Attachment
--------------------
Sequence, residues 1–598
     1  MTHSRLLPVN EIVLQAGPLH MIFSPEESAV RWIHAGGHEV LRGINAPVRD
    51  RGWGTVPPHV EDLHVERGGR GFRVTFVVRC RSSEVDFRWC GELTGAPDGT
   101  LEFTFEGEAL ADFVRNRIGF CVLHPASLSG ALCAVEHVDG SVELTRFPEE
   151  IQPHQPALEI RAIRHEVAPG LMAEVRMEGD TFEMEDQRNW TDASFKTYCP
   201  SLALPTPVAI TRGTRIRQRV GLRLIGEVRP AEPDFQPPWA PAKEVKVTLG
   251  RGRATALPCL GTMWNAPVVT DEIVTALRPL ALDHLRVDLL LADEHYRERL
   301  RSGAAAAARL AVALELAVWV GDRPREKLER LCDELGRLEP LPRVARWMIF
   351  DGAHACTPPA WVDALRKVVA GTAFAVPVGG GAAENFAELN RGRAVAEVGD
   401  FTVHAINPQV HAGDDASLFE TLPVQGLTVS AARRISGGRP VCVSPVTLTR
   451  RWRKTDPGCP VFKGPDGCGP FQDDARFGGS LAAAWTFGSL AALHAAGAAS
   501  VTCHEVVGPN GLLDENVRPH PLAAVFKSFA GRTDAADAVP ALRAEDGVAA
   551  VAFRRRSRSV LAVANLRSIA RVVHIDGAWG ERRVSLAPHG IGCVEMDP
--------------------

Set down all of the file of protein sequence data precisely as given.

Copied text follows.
Sequence, residues 1–598
     1  MTHSRLLPVN EIVLQAGPLH MIFSPEESAV RWIHAGGHEV LRGINAPVRD
    51  RGWGTVPPHV EDLHVERGGR GFRVTFVVRC RSSEVDFRWC GELTGAPDGT
   101  LEFTFEGEAL ADFVRNRIGF CVLHPASLSG ALCAVEHVDG SVELTRFPEE
   151  IQPHQPALEI RAIRHEVAPG LMAEVRMEGD TFEMEDQRNW TDASFKTYCP
   201  SLALPTPVAI TRGTRIRQRV GLRLIGEVRP AEPDFQPPWA PAKEVKVTLG
   251  RGRATALPCL GTMWNAPVVT DEIVTALRPL ALDHLRVDLL LADEHYRERL
   301  RSGAAAAARL AVALELAVWV GDRPREKLER LCDELGRLEP LPRVARWMIF
   351  DGAHACTPPA WVDALRKVVA GTAFAVPVGG GAAENFAELN RGRAVAEVGD
   401  FTVHAINPQV HAGDDASLFE TLPVQGLTVS AARRISGGRP VCVSPVTLTR
   451  RWRKTDPGCP VFKGPDGCGP FQDDARFGGS LAAAWTFGSL AALHAAGAAS
   501  VTCHEVVGPN GLLDENVRPH PLAAVFKSFA GRTDAADAVP ALRAEDGVAA
   551  VAFRRRSRSV LAVANLRSIA RVVHIDGAWG ERRVSLAPHG IGCVEMDP